One day after their daughter's killer was found guilty of second-degree murder, the parents of Candace Derksen say they're choosing to forgive the man who left their daughter to die.

"I feel sorry for this gentleman and we have compassion for him and he's made some bad decisions," said Cliff Derksen. "But you know, it's all about love again."

The Derksen family along with a small group of friends laid white roses - a symbol of innocence – on Candace Derksen's grave Saturday morning, hoping to close a dark chapter in their lives.

"This is our recommitment to love, to forgive and to live," said Wilma Derksen. "We're going to live."

The gathering came less than 24-hours after Mark Edward Grant was found guilty of murdering their daughter. For Wilma and Cliff, it was a welcome end to a 26-year journey.

Candace Derksen disappeared while walking home from school in 1984. Seven weeks later her frozen body was discovered inside a machine shed not far from her home. Her arms were bound behind her back and tied at her ankles.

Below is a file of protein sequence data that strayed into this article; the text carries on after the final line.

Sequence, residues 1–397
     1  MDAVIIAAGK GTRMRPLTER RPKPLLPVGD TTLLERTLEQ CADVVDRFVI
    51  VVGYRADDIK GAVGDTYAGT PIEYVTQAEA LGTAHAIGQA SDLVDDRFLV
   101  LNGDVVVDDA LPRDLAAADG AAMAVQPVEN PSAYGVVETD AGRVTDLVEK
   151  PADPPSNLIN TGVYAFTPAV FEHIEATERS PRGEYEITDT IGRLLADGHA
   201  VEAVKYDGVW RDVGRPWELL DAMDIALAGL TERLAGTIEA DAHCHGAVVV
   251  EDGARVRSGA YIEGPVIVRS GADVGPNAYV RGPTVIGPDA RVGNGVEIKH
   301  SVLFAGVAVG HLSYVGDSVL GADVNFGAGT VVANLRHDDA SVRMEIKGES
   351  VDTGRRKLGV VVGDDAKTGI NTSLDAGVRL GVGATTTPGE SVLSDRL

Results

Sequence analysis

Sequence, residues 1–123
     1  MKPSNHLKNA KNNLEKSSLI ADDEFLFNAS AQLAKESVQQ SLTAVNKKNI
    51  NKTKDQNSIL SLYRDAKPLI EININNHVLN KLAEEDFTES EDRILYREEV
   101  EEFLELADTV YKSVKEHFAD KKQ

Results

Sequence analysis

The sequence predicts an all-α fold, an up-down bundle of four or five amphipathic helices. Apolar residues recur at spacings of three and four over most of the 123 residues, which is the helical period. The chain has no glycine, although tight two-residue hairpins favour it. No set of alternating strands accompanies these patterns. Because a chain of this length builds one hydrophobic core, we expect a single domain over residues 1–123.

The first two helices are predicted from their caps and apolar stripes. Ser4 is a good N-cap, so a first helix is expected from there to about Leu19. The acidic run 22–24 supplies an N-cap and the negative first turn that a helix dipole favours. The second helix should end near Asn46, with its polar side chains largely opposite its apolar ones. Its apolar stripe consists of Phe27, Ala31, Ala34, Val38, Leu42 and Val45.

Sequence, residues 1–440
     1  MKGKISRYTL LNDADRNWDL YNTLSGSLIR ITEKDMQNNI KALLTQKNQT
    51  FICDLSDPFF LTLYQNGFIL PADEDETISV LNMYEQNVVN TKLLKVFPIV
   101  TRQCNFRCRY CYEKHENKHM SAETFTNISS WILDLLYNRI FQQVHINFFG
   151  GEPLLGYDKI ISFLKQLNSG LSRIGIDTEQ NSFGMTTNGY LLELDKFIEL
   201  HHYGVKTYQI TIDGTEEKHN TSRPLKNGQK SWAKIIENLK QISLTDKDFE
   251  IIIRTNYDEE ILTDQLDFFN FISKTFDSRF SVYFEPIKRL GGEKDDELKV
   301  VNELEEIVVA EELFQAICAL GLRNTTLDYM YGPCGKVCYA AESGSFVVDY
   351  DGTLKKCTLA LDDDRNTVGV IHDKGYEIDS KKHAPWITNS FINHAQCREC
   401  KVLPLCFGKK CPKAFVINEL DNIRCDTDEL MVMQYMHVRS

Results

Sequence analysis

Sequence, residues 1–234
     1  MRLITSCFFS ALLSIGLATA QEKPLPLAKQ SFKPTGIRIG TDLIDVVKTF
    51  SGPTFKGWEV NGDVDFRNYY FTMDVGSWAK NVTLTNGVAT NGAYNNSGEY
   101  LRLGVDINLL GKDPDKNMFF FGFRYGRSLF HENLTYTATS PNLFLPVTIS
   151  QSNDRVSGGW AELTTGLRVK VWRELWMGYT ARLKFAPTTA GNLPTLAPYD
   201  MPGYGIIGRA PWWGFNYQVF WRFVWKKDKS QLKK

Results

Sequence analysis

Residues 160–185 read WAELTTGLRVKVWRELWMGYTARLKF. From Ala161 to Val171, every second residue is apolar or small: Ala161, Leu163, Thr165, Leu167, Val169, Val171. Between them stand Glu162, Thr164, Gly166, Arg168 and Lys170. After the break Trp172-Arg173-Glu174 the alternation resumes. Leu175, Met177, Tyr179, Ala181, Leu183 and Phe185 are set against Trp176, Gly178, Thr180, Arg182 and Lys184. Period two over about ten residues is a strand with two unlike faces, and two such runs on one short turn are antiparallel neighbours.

Twenty-three years would pass until DNA evidence found at the scene would eventually point to convicted sex offender Mark Edward Grant, who was arrested in 2007.

"Wilma and I have to admit that we had actually given up hope," said Cliff Derksen at the time.

Now, nearly three decades after their daughter's body was found, the Derksen's have justice – and closure.

"Now they know," said family friend Pastor John Epp at Candace's grave. "They have the details they were always lacking."

"Looking at their life and how they live in light of this, their love for Candace has kind of shaped their life and who they are as people," said Chris Lenshyn, a close family member.

Mark Grant now faces a mandatory life sentence with no chance of parole for ten years. However, the judge has the right to increase that to the maximum of 25 years. Sentencing is set for March.

-With a report from CTV's Caroline Barghout